Back in 2009, I was living in London for the summer and riding with some friends, as we were going through a tunnel, I saw flashbulbs and asked if we were paying tolls. My friend Simona responded, "Oh no, those are cameras, every time someone speeds they take a picture of your license plate and send you a ticket in the mail." It was the most mind-blowing thing I'd ever seen because, in the United States, where I lived, the police were still hiding behind bushes and billboards in people's driveways trying to get the perfect position to get you on their radar and give you a ticket. When I asked if the police hide and pull people over, she told me they're not allowed to do that here, that's why they have hidden cameras. I felt like that was a form of entrapment.

Man monitoring cctv cameras in modern control room
Izabela Zaremba
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In 2012 Facebook started using facial recognition technology to let you know which of your friends were in the photo and let them know if and ask if you wanted to tag them. That went over like a lead balloon, but sure enough, people allowed it, and Facebook still does it to this day. Now the talk is facial recognition software for solving crimes in American cities, and according to, Portland just became the 13th city in the United States to say heck no to. This is where you would probably say, "but won't it help us find the criminals even faster and close cases even sooner?"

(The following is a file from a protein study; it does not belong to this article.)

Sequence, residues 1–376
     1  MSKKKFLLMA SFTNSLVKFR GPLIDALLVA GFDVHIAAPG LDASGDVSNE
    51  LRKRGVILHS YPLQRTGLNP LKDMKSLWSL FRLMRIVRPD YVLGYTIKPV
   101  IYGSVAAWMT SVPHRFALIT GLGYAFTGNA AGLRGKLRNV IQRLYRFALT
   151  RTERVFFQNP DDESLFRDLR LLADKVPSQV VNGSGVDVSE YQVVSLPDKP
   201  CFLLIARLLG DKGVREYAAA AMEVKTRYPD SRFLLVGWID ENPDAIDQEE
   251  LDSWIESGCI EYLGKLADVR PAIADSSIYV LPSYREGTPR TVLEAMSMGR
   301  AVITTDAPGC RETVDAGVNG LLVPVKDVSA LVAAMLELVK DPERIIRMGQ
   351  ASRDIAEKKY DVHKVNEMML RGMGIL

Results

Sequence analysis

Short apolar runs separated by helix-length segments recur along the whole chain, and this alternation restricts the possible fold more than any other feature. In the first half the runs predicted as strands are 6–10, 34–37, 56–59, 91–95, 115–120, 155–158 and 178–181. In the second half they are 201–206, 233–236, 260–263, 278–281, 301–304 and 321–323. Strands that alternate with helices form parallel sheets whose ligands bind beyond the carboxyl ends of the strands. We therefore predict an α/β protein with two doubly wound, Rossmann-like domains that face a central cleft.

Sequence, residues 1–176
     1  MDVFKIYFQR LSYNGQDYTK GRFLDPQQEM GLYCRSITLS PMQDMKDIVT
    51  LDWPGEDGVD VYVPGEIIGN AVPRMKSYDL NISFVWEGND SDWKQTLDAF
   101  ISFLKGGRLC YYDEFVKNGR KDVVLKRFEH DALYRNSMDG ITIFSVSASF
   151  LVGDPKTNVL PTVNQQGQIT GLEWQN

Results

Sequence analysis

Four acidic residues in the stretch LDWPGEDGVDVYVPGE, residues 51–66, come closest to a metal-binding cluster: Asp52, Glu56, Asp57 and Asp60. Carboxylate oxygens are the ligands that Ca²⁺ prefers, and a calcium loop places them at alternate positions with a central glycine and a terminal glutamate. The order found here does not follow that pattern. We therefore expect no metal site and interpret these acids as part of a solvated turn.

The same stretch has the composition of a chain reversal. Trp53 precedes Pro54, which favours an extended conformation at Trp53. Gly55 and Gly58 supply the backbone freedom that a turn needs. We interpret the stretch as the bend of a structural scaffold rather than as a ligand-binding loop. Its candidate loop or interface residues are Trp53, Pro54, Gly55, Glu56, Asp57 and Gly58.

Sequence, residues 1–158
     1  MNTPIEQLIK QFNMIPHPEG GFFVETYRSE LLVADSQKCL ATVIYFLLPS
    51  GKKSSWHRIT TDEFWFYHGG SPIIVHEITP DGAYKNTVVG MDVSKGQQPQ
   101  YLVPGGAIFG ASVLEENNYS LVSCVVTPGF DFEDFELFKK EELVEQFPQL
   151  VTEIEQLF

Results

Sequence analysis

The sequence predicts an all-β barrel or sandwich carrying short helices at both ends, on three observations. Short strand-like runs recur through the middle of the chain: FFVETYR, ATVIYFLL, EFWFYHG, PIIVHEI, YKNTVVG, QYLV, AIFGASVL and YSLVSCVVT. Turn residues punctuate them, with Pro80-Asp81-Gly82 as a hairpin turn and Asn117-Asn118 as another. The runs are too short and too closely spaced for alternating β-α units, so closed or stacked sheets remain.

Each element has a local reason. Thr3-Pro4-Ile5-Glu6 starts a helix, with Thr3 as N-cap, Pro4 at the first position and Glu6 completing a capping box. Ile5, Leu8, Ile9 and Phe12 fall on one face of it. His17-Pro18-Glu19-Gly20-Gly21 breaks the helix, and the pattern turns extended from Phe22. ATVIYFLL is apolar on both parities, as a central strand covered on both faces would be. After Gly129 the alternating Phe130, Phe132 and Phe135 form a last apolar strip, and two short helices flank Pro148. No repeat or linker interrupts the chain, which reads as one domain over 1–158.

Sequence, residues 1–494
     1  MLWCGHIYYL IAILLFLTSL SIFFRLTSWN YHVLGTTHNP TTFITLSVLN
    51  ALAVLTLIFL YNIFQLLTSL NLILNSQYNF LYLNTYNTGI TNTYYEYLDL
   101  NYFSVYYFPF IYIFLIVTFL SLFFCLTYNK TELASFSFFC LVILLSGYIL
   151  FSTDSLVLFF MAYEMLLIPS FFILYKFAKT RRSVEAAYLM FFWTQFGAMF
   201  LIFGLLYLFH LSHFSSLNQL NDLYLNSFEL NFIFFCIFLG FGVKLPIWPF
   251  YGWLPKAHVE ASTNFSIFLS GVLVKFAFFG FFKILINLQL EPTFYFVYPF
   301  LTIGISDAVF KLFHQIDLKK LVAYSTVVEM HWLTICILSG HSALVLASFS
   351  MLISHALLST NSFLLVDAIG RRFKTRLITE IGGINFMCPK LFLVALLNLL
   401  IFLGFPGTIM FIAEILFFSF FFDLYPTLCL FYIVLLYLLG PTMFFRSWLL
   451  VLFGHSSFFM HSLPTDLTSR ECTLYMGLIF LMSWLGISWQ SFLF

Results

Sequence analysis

The answer is yes, in theory anyway. The other effect is that it may put a falsely identify someone else, and anything else on those cameras could be seen as an invasion of privacy. What if someone hacked a camera and turned it into your window? What if the facial recognition software gets someone's face wrong or pings a relative closely resembles the suspect? The technology isn't perfected to the point of being 100% foolproof, but maybe the Portland City Council will review in ten years or so. As of the other night, they shot the proposed facial recognition software down unanimously. Councilman Justin Costa stated his reason for voting down the software usage was because there have been stories of wrongfully convicted bystanders and situations where they're identified by the software as well as abuses of power from the authorities in charge of said surveillance. This is a debate we're going to be having for a long time as the technology progresses, but for right now in Portland, no one's going to be checking your coffee cup from six blocks away via camera to see how many sugars you have.

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